Sunday, January 19, 2020: 8:00 AM-9:30 AM
Liberty Ballroom N, ML 4 (Marriott Marquis Washington DC)
Cluster: Social Work Practice (SWP)
Joan Zlotnik, PhD, ACSW, National Association of Social Workers,
Sunny Rome, JD, MSW, George Mason University and
Denise Juliano-Bult, MSW, National Institute of Mental Health
The current political landscape is increasing concerns about civil and human rights, access to affordable health care, immigrant rights, quality education, and economic well-being. It is more imperative than ever to effectively use data and research findings to make the case for achieving racial and economic equality, and improving services and public policies that support these goals. Persons and communities that experience racial and economic inequality are often the focus of social work research, and the values and ethical code of the social work profession drive social workers toward pursuit of social justice. Thus, social work research findings need to reach policy makers. Yet researchers and policymakers often remain in their own silos, speaking different languages. Manuscripts published by social work researchers rarely reach the attention of those in a position to influence policy. When they do, they may fail to convey important findings in a format that policymakers find accessible and persuasive. Rarely are researchers trained to systematically shape policy outcomes. The purpose of this Workshop, led by individuals experienced in both research and policy practice, is to enhance the ability of social work researchers to (1) translate and package their research in ways that maximize its impact with policy audiences, (2) develop strategies to effectively communicate with policy-makers and policy influencers, and, (3) build partnerships with key stakeholders who have the skills and connections to effect policy change.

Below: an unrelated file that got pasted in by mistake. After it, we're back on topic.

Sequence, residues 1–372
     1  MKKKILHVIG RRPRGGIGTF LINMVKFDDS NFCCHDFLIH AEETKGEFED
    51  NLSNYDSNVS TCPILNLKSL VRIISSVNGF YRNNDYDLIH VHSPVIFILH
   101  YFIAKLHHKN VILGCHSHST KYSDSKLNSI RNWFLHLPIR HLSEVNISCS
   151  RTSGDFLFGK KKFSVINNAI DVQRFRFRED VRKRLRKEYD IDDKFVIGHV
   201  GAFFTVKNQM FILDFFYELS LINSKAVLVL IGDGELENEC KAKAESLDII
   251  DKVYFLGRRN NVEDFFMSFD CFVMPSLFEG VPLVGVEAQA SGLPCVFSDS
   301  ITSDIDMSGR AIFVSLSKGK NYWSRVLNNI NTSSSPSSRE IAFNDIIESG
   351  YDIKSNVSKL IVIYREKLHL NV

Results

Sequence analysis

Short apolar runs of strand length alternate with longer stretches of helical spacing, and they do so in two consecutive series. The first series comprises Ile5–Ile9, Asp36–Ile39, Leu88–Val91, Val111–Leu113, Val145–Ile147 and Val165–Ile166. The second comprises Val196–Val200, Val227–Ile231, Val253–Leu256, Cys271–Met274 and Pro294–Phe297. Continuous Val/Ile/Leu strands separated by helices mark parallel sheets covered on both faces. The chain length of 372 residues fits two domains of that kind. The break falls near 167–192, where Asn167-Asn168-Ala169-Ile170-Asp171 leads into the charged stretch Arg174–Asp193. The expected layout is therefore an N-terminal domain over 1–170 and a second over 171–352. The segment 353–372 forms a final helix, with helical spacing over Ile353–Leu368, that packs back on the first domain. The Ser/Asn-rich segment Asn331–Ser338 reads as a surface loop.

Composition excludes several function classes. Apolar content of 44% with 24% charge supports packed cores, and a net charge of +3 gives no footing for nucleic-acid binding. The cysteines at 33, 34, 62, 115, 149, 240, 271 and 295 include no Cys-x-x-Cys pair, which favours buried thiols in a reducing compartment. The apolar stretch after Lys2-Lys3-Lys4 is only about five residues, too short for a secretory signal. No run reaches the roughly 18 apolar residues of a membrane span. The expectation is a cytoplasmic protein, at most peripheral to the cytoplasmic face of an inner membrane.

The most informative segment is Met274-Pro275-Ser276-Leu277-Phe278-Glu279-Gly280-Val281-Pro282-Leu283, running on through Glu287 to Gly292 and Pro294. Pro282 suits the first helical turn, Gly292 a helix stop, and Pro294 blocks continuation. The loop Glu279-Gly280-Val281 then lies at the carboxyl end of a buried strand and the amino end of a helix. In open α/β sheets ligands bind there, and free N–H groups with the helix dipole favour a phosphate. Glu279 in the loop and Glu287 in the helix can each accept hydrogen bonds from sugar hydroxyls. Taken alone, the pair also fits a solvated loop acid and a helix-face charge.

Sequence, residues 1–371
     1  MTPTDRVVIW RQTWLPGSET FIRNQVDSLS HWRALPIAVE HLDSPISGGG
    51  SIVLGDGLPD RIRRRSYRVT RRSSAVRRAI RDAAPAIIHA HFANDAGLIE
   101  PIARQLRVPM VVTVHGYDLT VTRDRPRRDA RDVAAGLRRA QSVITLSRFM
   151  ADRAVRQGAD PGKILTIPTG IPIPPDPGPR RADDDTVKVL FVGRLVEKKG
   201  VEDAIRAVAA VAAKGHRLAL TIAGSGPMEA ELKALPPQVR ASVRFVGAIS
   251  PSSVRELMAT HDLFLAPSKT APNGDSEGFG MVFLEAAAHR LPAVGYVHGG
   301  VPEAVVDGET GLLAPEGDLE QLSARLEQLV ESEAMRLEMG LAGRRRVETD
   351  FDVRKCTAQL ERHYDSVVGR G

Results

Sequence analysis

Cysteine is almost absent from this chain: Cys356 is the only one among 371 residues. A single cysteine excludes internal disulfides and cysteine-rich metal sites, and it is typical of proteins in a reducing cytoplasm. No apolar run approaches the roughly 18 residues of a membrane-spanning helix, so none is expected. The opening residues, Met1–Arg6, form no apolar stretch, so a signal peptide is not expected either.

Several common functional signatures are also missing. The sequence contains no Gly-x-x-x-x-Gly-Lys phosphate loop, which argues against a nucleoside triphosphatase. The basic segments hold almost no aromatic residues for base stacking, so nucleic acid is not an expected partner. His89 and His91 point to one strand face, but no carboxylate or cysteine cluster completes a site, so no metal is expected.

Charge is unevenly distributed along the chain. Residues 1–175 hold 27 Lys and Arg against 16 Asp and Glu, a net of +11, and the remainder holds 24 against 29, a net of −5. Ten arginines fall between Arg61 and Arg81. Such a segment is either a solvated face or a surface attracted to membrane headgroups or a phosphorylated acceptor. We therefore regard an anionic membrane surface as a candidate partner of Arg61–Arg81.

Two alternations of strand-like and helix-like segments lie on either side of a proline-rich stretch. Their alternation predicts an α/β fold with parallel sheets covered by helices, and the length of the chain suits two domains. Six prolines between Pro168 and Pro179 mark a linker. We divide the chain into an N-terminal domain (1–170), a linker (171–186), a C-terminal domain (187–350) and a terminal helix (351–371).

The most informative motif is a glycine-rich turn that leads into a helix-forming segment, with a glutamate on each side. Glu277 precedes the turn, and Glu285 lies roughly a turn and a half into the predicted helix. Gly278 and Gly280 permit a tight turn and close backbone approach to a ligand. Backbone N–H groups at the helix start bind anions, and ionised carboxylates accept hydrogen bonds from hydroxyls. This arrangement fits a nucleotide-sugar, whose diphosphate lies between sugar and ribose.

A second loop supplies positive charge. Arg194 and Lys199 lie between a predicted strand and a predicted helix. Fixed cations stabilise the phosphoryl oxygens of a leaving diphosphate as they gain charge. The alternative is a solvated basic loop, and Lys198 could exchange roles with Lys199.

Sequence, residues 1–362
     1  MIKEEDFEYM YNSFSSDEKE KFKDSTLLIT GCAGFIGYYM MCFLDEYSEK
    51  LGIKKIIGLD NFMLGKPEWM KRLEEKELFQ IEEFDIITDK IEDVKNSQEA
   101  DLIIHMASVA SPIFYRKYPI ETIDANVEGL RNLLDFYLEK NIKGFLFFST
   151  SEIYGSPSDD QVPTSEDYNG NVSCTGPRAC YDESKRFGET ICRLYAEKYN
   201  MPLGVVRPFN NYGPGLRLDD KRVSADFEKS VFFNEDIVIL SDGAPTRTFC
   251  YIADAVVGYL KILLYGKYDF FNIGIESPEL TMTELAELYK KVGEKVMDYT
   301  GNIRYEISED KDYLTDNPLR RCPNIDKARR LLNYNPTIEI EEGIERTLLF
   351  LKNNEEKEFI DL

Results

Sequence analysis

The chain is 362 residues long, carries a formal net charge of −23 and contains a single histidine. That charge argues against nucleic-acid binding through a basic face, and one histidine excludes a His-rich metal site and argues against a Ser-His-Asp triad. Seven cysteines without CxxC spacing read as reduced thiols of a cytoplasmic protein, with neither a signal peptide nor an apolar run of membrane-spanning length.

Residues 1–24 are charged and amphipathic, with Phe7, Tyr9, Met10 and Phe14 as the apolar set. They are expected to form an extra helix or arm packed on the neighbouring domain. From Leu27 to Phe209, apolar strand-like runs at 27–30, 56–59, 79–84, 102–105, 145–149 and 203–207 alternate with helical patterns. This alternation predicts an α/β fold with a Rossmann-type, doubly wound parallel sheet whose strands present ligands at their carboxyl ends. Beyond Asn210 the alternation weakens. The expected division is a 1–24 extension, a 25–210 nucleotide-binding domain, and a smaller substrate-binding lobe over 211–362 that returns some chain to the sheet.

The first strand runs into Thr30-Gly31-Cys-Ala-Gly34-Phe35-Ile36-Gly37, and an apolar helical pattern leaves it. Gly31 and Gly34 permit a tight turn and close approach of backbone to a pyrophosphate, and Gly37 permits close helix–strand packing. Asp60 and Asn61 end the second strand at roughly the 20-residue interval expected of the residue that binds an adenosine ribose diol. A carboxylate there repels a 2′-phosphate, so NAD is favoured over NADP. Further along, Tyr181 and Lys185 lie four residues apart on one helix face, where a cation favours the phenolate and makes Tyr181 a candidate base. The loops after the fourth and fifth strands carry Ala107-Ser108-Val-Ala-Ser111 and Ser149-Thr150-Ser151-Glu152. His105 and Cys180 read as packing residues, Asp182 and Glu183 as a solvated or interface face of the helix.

The workshop leaders, using examples targeted to reducing racial and economic inequalities, will (1) demonstrate strategies for communicating research findings to both the legislative and executive branches of government; (2) share examples of how social work research has successfully been used to influence policy outcomes, and (3) provide guidance on the how advocacy organizations, coalitions, and expert workgroups use research to influence policy. The presenters will demonstrate practical tips for translating research findings into briefs and fact sheets and will facilitate an exploration of potential partnerships between researchers and policy professionals.
Participants will have the opportunity to describe their research in policy-relevant language; volunteer to be part of research/policymaker role plays; critique briefs of research findings; and, explore steps that they can take to have their research influence policymakers. Time will be reserved for discussion.